Maya and Miguel go trilingual

Do you know Maya & Miguel? My kids largely eschew PBS for Cartoon Network, these days, but they still love Maya & Miguel.

What’s not to love? From a kid’s perspective, you have a couple of very human, fallible kids (read: Maya makes a lot of bad decisions that come back to bite her, but it works out okay in the end) doing extremely kidlike things. From a parent’s perspective, you have a couple of very human, fallible kids (read: Maya makes a lot of bad decisions and hopefully seeing the consequences play out will teach your kids not to err in a similar fashion) doing kidlike things while teaching your children Spanish on the sly. Oh yeah.

(And this is not even mentioning the huge advantage of PBS over Cartoon Network, from a parental perspective: No pesky commercials.)

(I also won’t mention how you can get hard-to-find Maya & Miguel party supplies in Ty’s Party Palooza section, because that has nothing to do with this, really.) (Whoops.)

Yesterday was a landmark day for the series, as—in celebration of Deaf Awareness Week—a new, deaf friend was introduced in the debut of “Give Me a Little Sign.” From the show’s website:

Tito befriends a new boy, Marco, who is deaf. Marco starts to teach Tito some American Sign Language, and they decide to do a project together for the schoolââ¬â¢s ââ¬Å“Contraption Convention.ââ¬Â But when Tito makes some pronunciation mistakes in school, he decides he doesnââ¬â¢t want to do the project anymore (since it involves public speaking). Only when he sees how Marco persists in getting across what he wants to say ââ¬âœ even when people misunderstand him at first ââ¬âœ does he realize the value of practice and determination, and decides to go ahead with the project.

The New York Times has a great article (registration required) about the backstory on bringing this episode to life.

The logistics of animating sign language that was detailed and accurate enough to read on the screen stretched production of the episode to nine months, far longer than typical, and pushed costs up by 50 percent.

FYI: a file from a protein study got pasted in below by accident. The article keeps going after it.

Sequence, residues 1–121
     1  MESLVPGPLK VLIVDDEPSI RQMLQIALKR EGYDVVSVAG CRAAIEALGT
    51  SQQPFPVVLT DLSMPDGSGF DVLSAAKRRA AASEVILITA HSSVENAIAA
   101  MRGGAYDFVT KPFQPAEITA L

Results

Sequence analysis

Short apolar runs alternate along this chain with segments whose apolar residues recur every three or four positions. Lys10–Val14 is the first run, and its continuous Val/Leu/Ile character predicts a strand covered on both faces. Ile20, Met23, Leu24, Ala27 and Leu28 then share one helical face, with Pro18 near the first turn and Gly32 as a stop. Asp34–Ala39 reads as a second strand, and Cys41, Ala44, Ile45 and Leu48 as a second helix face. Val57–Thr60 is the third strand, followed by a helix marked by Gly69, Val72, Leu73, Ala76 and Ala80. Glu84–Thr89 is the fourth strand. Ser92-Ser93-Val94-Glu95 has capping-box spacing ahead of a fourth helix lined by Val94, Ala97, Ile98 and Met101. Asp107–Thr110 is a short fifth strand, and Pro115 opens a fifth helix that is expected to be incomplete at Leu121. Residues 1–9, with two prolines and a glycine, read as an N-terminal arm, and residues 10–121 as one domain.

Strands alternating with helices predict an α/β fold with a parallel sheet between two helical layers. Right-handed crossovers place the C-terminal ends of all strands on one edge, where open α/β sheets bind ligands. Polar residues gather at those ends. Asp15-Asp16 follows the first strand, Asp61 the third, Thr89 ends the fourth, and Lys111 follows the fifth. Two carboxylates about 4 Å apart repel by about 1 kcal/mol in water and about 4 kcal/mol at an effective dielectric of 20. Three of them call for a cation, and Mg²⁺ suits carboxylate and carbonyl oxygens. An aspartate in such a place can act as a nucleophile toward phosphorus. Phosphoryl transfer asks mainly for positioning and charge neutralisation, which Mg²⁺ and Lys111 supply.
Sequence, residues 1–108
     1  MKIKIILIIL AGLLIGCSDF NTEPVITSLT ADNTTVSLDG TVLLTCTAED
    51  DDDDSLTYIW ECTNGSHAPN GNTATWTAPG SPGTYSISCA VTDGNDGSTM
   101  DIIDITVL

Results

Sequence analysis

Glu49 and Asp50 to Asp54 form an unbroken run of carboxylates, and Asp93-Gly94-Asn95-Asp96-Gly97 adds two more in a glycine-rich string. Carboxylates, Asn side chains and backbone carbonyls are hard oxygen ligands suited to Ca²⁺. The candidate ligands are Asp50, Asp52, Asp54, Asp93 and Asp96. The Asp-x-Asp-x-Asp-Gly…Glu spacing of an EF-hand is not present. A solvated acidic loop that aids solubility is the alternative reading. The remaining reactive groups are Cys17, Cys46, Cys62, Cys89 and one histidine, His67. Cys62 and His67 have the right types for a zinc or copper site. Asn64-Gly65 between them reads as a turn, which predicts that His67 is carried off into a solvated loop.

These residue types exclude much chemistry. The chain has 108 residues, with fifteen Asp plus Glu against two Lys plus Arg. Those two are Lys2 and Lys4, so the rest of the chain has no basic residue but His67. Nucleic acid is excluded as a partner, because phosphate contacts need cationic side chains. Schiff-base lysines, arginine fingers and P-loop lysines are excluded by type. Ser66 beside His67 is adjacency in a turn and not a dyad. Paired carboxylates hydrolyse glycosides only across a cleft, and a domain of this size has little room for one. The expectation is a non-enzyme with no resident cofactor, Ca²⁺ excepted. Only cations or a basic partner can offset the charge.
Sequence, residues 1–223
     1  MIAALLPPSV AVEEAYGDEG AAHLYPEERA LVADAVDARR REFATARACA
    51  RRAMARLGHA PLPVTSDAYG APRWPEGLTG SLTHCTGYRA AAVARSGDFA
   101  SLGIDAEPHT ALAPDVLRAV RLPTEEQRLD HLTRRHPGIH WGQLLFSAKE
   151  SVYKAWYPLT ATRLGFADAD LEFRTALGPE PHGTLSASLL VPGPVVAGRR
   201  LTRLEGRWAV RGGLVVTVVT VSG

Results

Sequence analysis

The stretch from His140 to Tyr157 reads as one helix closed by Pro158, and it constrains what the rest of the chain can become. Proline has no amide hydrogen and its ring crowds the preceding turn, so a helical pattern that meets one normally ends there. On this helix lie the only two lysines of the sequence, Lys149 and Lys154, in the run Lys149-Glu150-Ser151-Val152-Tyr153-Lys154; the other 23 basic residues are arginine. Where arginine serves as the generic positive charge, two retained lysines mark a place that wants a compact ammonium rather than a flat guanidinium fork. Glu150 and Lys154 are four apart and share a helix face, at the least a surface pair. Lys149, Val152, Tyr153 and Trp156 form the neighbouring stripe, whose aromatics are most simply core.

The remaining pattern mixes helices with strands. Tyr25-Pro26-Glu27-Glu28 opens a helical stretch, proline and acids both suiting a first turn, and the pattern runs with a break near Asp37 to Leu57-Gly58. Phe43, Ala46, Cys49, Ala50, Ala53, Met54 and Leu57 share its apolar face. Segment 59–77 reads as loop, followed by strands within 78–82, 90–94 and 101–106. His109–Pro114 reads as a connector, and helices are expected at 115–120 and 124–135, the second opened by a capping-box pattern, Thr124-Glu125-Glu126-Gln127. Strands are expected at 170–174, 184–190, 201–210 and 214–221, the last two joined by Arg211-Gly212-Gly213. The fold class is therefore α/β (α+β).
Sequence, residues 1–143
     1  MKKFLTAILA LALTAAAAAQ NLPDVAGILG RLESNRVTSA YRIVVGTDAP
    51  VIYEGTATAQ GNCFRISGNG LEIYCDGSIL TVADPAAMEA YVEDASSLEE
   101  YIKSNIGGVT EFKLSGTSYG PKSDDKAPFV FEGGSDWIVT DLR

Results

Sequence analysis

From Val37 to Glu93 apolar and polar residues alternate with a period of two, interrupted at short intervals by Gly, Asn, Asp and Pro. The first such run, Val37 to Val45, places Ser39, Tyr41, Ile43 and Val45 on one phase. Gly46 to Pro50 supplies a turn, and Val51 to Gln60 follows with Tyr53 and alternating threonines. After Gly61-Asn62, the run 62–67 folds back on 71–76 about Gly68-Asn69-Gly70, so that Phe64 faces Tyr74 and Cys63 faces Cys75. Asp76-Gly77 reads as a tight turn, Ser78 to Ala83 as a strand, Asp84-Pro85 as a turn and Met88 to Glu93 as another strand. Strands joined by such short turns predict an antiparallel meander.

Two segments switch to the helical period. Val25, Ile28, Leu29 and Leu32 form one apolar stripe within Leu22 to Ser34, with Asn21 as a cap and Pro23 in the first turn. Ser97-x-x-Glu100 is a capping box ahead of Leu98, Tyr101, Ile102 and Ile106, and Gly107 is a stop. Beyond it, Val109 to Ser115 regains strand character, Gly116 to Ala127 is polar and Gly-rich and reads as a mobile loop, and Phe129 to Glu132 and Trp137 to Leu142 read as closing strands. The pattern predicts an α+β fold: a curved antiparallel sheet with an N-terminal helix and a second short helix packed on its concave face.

Worth it? Absolutely.

The idea for the show originated with Lupe Ontiveros, the actress who voices the role of the childrenââ¬â¢s grandmother, Abuela Elena. At a taping session Ms. Ontiveros, the mother of two grown sons who are hearing impaired, broached the idea of a sign-language-theme episode with Deborah Forte, creator of the show and the president of Scholastic Media, which produces the show for PBS.

“The deaf community is hungry to see itself in the most positive way,” said Ms. Ontiveros, who lives in Pico Rivera, Calif. “They are always proud to see themselves, their images, their role models, up there.”

Scholastic liked the idea for many reasons, Ms. Forte said. “It had someone who was hearing-impaired who was teaching another child a language. The whole message behind this is that no matter what language you are learning, it still takes practice.” She said that the show also promoted the need to plunge in to a new language without feeling embarrassed.

Did you miss it? Don’t worry; it’s rerunning every day this week. Pay close attention to the signing animation; it really is quite good. Thumbs up to Scholastic on this one!

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One thought on “Maya and Miguel go trilingual

  1. Wow! I have grandaughters that re hooked on Dora but Maya and Miguel seem so much more real. It\’s so important to incorporate songs into the programs. We found that kids enjoy singing and reciting as they learn Spanish. Even if they just mouth nonsense that sounds like Spanish, they are learning the intonation of the language and it is a basis for further learning.